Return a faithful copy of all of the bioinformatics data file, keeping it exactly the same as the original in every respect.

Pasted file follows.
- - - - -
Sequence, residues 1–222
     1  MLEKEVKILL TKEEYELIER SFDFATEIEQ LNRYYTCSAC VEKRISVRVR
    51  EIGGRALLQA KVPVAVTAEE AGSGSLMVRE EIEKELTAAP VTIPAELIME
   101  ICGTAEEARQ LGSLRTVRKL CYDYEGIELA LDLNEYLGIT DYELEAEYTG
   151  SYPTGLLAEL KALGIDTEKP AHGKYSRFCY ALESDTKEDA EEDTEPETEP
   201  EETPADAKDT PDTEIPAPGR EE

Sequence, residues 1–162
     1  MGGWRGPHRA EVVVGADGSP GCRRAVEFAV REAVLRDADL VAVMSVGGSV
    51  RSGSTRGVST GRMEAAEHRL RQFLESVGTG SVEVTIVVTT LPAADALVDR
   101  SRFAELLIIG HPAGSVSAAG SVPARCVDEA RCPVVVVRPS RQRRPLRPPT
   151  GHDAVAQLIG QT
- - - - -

Sequence, residues 1–222
     1  MLEKEVKILL TKEEYELIER SFDFATEIEQ LNRYYTCSAC VEKRISVRVR
    51  EIGGRALLQA KVPVAVTAEE AGSGSLMVRE EIEKELTAAP VTIPAELIME
   101  ICGTAEEARQ LGSLRTVRKL CYDYEGIELA LDLNEYLGIT DYELEAEYTG
   151  SYPTGLLAEL KALGIDTEKP AHGKYSRFCY ALESDTKEDA EEDTEPETEP
   201  EETPADAKDT PDTEIPAPGR EE

Sequence, residues 1–162
     1  MGGWRGPHRA EVVVGADGSP GCRRAVEFAV REAVLRDADL VAVMSVGGSV
    51  RSGSTRGVST GRMEAAEHRL RQFLESVGTG SVEVTIVVTT LPAADALVDR
   101  SRFAELLIIG HPAGSVSAAG SVPARCVDEA RCPVVVVRPS RQRRPLRPPT
   151  GHDAVAQLIG QT